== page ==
Red tides and climate change in Tierra del Fuego

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Ushuaia sits at the edge of the world. Nestled on the largest island of the archipelago that makes up Tierra del Fuego—the southern tip of South America—the city has doubled in the last twenty years to 60,000 people. Urbanization, coupled with climate change, is having an adverse effect on the waters that permeate Tierra del Fuego and contaminating the shellfish that are a staple of the local diet.
 
Marcelo Hernando, a researcher at Argentina’s Austral Center of Scientific Investigations (CADIC) in Ushuaia, has been measuring the effect climate change is having on the local environment by looking at a group of algae called phytoplankton. These photosynthetic microorganisms are the marine version of a canary in a coal mine, living barometers sensitive to changes in water temperature and salinity.
 
“Ice coverage on the Antarctic peninsula has diminished in the last twenty years,” says Hernando. This is diluting the coastal waters of the Beagle Channel, upon which Ushuaia sits. “This decrease in salinity has important consequences on the marine ecosystem,” explains Hernando.
 
One of the effects he has seen is the respiration of phytoplankton pushed into over-drive, a phenomenon called oxidative stress. This reduces their ability to photosynthesize, which means they are producing less oxygen. Plankton are the primary producers in our oceans, supporting vast food webs and acting as carbon sinks. “We are seeing a decrease in the growth rate of algal communities as a consequence of lower salinity,” says Hernando. “This can alter the equilibrium of the rest of the organisms in the ecosystem.”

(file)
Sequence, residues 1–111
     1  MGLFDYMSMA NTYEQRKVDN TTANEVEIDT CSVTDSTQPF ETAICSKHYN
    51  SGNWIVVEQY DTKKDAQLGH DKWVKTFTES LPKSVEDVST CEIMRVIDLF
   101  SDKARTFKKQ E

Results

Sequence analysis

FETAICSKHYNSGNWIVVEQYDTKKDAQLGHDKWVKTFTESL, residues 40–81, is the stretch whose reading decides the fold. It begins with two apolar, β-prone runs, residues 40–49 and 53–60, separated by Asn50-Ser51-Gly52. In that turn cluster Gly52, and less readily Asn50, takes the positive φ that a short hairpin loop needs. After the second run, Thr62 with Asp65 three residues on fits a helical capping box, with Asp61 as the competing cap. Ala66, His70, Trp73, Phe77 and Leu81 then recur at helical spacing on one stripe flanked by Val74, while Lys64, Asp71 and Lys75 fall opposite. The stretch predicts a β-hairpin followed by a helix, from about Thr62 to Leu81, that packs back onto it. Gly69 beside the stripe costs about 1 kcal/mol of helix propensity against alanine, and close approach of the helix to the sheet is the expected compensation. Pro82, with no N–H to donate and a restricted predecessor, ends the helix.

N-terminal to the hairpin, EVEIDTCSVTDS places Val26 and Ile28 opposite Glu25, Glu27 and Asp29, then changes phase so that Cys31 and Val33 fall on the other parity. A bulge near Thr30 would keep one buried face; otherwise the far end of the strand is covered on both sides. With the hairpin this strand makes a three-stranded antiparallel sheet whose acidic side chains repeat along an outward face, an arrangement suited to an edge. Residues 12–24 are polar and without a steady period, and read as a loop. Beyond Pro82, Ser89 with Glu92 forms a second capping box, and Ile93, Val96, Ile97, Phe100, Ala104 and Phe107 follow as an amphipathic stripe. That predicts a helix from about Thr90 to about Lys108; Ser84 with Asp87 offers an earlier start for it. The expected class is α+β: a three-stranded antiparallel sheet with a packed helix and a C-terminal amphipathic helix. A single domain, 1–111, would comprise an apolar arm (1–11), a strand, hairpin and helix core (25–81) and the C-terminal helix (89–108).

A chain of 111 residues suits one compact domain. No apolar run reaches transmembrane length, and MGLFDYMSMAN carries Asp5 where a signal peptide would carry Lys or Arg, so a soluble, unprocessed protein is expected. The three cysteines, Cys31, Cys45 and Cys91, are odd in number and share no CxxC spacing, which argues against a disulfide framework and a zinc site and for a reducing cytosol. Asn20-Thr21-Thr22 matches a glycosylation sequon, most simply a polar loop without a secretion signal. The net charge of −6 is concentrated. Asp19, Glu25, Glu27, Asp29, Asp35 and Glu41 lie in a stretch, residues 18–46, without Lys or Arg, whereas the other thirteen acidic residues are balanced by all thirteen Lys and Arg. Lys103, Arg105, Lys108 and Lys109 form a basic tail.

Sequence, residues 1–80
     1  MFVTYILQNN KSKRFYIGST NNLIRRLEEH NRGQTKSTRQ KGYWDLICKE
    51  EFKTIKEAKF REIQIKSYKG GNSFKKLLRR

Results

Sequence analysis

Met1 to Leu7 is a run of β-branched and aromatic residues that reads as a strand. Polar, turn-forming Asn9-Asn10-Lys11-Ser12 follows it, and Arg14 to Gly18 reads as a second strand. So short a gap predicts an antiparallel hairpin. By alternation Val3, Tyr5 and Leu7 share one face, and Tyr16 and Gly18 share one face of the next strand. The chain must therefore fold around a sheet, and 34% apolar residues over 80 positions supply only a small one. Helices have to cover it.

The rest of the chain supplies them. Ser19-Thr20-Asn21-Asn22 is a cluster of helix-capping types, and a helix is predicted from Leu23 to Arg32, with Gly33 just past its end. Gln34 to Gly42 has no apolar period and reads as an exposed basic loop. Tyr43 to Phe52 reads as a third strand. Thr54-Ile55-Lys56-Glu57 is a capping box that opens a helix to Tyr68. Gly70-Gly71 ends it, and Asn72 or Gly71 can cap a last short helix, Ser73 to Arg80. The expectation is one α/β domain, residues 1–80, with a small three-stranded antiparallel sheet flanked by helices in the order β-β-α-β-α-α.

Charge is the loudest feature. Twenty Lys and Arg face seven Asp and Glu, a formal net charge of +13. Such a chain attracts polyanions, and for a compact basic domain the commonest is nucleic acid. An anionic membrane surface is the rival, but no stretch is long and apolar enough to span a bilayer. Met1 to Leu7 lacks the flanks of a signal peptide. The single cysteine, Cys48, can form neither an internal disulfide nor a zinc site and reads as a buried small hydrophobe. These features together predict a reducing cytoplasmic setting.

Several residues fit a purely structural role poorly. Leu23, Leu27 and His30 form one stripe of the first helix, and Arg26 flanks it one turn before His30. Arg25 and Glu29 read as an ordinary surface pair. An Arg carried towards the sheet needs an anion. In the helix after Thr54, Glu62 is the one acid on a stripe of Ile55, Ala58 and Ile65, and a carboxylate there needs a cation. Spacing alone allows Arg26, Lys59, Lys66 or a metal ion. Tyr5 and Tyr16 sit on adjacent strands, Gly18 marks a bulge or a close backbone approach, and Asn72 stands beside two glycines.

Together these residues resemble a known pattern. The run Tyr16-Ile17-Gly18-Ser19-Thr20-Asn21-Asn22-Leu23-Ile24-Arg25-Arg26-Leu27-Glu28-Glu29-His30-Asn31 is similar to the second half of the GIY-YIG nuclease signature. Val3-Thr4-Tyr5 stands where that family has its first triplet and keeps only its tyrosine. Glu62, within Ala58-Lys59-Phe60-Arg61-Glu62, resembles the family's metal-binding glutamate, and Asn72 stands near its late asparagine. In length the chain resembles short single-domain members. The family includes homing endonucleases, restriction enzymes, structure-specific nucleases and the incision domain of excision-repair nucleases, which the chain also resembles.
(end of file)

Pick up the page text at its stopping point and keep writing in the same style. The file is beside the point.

Marcelo Hernando and a team of researchers from all over Argentina have been monitoring the Beagle Channel since 2004 on the lookout for red tides—algal blooms that are a public health concern, especially if the community is eating from these waters.
 
“I’m interested in the study of toxic species that cause the phenomenons known as harmful algal blooms,” says Gastón Almandoz, a biologist at the University Nacional de La Plata in central Argentina. Almandoz works with Marcelo Hernando in the Beagle Channel and last August they published a study together on red tides in the Journal of Sea Research.
 
In that study, the team found 10 species of phytoplankton that were potentially toxic, which worries Almandoz. “Red tides can cause human losses through the consumption of contaminated shellfish,” he says, pointing to the popularity of ‘mariscos,’ or shellfish, in the local diet. “They may have a delicious flavor and look great, but their toxins will send anyone to the hospital.” 
 
Marcelo Hernando says that these algal blooms are another consequence of climate change. He’s looked at local studies that have spanned 20 years and says the biomass of the phytoplankton community has stayed constant. In the summer of 2010, however, it grew by an order of magnitude. Even Palmer Station in Antarctica detected what they called a ‘historic’ level of algal biomass in their waters.
 
Hernando and Almandoz’s 2011 study suggested that one likely trigger of these algal blooms is agricultural run-off caused by Ushuaia’s population boom. The human population has grown substantially since Magellan first sailed around Patagonia in 1520 and Darwin’s H.M.S. Beagle surveyed and sailed through the same waters 300 years later. Ushuaia is now a bustling port and tourism hub that must bridle its effluents if it is to keep its waters clean. 
 
-- Aleszu Bajak
 
 
Photo – Piffer via Flickr